Match For The Aged: Venus Williams Tops Kimiko Date-Krumm At Open
But despite the nearly 10-year age difference, the elder Date-Krumm has a tendency to do exactly the opposite, pushing Williams to a third set for the third time in their four head-to-head matches Monday before succumbing 2-6, 6-3, 6-3 in the first round of the US Open.
Still stubborn in her classic counter-punching style, the 43-year-old Japanese veteran -- who took a 12-year hiatus from tennis, returned six years ago and is currently ranked 88th -- brought out the best and worst in Williams, the seven-time Grand Slam champion and the 34-year-old No. 19 seed.
"Definitely I was younger today," Williams said with a smile. "But when you step out on the court, I don't think anybody thinks about age. Because if you're out on this tour it means you deserve to be here. You've got the skill. It must means you know how to play. So at that point she has the number, as they say."
Working with a new coach, Thomas Hogstedt, after splitting with Paul Annacone, Stephens is looking to bounce back in the final Slam of the year after reaching the round of 16 at the Australian and French Opens and being eliminated in the first round at Wimbledon by then-109th-ranked Maria Kirilenko.
"Things are going really well," said Stephens, coming off a Round of 16 loss in Cincinnati to Jelena Jankovic. "I'm pleased with the way I'm playing. I'm just happy to be back here competing again."
As is Williams, who has had three straight second-round losses at the Open after a 2010 semifinal berth.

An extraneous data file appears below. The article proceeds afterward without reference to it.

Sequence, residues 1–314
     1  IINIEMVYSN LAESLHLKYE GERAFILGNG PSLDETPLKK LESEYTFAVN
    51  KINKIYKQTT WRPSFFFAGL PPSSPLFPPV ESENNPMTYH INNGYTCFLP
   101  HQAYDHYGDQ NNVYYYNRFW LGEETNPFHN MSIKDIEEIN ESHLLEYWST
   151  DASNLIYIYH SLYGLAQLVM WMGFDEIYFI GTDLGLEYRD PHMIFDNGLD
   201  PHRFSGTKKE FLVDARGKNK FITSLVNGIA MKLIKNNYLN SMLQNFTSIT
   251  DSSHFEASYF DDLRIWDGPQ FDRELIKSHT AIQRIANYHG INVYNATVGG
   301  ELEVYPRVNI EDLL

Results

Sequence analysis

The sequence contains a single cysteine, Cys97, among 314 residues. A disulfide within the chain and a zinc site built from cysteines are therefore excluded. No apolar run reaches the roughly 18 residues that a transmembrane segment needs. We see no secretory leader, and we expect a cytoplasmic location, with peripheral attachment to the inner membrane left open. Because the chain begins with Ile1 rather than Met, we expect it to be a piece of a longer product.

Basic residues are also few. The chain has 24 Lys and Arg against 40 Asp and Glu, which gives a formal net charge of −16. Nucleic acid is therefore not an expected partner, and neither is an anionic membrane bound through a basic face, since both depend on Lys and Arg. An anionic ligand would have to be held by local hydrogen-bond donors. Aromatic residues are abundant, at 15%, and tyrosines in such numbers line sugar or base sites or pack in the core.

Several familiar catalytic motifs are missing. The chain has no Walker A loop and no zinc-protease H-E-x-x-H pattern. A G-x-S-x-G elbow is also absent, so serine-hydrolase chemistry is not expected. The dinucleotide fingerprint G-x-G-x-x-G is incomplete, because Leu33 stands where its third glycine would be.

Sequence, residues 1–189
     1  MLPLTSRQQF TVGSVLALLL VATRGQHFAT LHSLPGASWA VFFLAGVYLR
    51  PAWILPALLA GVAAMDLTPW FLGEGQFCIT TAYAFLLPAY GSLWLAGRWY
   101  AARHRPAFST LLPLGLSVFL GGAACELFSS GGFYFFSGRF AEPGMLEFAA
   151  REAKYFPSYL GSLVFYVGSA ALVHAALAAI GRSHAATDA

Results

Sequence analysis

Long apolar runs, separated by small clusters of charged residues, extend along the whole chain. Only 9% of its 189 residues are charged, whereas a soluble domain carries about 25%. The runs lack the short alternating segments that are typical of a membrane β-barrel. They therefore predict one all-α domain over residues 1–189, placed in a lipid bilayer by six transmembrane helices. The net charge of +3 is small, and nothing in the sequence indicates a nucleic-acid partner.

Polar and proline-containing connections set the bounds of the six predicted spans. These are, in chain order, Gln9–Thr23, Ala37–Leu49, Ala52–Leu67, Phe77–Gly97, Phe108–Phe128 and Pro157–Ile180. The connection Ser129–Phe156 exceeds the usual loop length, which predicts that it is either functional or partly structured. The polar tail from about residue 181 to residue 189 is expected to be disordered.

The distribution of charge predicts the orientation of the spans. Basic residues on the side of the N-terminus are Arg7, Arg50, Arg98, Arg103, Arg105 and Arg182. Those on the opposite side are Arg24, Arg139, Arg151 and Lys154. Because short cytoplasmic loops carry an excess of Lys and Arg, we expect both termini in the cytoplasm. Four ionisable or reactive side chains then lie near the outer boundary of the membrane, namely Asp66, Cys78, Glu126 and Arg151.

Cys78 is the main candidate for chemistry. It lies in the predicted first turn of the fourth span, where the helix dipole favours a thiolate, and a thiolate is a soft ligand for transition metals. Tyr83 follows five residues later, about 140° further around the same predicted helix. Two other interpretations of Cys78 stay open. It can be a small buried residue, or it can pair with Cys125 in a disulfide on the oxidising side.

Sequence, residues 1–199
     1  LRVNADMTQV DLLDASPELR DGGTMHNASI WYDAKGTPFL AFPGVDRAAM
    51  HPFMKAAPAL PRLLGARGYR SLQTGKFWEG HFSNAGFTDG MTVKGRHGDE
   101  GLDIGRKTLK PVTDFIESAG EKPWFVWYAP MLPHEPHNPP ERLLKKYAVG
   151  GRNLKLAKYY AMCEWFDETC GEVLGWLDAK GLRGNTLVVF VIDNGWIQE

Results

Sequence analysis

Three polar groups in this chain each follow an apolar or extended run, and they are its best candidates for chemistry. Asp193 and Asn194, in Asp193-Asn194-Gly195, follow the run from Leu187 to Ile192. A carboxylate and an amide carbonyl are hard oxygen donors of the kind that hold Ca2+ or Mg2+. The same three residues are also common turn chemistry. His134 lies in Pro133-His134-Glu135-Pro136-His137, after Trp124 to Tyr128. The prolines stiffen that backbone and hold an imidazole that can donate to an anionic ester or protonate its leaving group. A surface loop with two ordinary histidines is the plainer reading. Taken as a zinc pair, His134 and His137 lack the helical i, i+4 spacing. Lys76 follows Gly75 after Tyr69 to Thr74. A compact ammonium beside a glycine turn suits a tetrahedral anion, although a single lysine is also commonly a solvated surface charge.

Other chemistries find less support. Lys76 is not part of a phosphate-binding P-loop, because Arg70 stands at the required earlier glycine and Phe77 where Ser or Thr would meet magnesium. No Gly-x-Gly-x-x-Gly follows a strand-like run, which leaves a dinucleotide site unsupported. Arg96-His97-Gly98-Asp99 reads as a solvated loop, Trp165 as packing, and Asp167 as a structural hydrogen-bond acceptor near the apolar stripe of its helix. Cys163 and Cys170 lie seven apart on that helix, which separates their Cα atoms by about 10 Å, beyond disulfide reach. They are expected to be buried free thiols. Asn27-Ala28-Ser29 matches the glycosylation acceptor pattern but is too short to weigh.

Asked repeatedly about possible retirement since being diagnosed with an autoimmune disorder three years ago that causes, among other symptoms, extreme fatigue, Williams has quelled much of that discussion with an encouraging summer. She reached the quarters at Stanford in July and the finals in Montreal earlier this month, defeating her sister Serena in the semis before losing to Agnieszka Radwanska. Venus won four three-set matches en route to the Montreal finals and has won six of nine three-setters since the French Open.
"I'm going to stay as long as I'm playing well and as long as there is an opportunity, as long as I want to be here," Williams said.
"I was feeling better this summer and I had some better results," she added. "I never want to play three-setters. It's not in the plan. Somehow I ended up in these matches. I would like to think the more I play, the better I'll get at closing it out."
Williams was not as sharp Monday as she has been recently, getting in just 44 percent of her first serves and committing 36 unforced errors. She faces Timea Bacsinszky next, then possibly 13th seeded Sara Errani in the third round, with No. 2 Simona Halep potentially waiting in the Round of 16.
But at 34, Williams takes nothing for granted.
"As they say, it's easy to watch a match, ... but when you get out there it's not always easy," she said. "Pressure, as I think Billie Jean King says, is a privilege. But a lot is mental. At the end of the day it's all the pressure you put on yourself."
And the discussion of age only adds to it.
"I don't even think about it anymore," Williams said. "According to Kimiko, I have another decade. She set the prime example. She's top 100 and no one can beat her easily. ... She's breaking the mold."
Solid defense, flat strokes and an occasional slice that often confounds younger players. "I also drink sometimes a glass of red wine," she said with a laugh. "So I enjoy my life also."
The idea of Williams being considered elderly in the game brought out still more laughter.
"For me, she's still young," Date-Krumm said. "But yeah, of course, sometimes mentally it's tough. Physically you can still be OK but tennis is every day practice, practice, travel everywhere. It's not an easy life.
"That's why I try to enjoy it. That's why I'm drinking wine."